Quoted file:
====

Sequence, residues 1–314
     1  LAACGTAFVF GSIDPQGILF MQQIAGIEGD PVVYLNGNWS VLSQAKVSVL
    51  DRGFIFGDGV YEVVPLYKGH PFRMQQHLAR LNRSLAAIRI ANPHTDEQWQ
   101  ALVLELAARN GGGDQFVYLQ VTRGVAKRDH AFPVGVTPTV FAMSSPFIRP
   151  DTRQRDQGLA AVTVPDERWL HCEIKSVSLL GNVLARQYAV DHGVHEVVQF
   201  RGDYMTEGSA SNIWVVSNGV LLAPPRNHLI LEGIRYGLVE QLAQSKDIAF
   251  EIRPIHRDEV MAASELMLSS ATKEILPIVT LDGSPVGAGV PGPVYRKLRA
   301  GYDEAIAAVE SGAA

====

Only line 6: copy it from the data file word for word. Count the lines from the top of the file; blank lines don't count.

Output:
   201  RGDYMTEGSA SNIWVVSNGV LLAPPRNHLI LEGIRYGLVE QLAQSKDIAF